Aoife O'Donovan, 'Fossils'
With the life of a well-loved band (Crooked Still) behind her, Aoife O'Donovan launched her solo career with a bounty of expectations from her fans. All were surpassed by this collection of imaginative arrangements and instrumentation that was somehow both minimalist and lush at the same time. With producer Tucker Martine (The Decemberists, Neko Case) at the helm, O'Donovan was free to weave together her strange bedfellow musical tastes — everything from trad folk to new jazz, gospel, bluegrass and pop — into a dreamily cohesive album.
The Milk Carton Kids, 'The Ash & Clay'
This Los Angeles-based act has grown steadily since their separate singer-songwriter careers fused into one of the most enthralling duos on the folk music circuit. With harmonies so dangerously close they almost sound like one voice harmonizing with itself, The Milk Carton Kids released this bittersweet collection of social commentary and love songs. From the bubbly "Honey, Honey" to the ruminative "Memphis," the pair demonstrated a knack for contemporary folk songwriting which belies their relative newness.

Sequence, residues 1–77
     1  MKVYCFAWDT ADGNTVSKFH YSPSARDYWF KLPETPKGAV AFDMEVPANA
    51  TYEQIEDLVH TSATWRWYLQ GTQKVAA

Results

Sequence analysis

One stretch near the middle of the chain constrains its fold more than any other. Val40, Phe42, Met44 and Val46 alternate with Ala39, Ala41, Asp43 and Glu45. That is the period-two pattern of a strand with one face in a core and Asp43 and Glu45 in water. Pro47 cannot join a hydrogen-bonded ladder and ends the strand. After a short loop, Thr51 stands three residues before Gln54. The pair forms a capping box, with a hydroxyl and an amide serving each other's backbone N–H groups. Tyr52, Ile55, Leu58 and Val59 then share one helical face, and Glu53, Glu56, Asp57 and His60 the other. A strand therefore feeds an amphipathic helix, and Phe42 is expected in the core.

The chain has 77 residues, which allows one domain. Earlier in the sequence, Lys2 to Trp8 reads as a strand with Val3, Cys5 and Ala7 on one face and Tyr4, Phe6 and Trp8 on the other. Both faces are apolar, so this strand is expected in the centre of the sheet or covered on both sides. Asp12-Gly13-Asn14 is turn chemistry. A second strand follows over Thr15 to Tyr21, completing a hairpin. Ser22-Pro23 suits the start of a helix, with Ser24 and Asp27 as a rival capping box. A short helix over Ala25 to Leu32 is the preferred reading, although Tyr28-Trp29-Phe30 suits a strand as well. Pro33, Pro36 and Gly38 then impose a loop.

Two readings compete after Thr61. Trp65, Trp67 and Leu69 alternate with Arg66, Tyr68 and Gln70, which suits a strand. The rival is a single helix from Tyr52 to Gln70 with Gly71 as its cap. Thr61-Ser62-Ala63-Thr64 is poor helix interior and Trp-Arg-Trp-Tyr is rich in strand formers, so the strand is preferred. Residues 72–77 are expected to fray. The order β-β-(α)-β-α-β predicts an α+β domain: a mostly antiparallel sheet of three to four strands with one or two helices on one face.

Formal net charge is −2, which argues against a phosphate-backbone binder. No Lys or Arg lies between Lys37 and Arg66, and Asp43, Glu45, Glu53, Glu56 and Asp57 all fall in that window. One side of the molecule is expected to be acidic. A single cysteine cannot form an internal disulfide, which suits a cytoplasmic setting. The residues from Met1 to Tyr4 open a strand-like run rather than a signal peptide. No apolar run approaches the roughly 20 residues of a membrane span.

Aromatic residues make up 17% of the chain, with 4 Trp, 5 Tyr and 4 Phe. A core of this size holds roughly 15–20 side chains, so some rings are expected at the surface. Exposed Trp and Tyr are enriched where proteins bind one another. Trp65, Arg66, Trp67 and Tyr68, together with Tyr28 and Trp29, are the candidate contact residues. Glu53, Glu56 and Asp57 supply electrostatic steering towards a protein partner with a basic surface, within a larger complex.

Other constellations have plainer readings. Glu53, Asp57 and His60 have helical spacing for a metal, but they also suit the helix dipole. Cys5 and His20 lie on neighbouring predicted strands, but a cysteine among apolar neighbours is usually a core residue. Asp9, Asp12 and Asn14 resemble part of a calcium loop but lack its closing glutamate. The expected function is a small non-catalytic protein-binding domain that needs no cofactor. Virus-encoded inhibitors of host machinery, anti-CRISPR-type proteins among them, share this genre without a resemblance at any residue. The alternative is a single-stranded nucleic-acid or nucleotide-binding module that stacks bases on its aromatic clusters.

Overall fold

Sarah Jarosz, 'Build Me Up From Bones'
For the past couple of years, Sarah Jarosz has been touring with fiddler Alex Hargreaves and cellist Nathaniel Smith as one of the most impressive trios on the folk circuit. On Build Me Up from Bones, she shifted her focus to this trio, taking her jazz-improv-and-folk-infused compositions a step up. Lyrically, the disc is heavy on coming-of-age themes, wrought with exploration, discovery and fresh insights. With this disc, Jarosz, at only 22 years old, has firmly established herself as one of the finest, most promising artists in her field.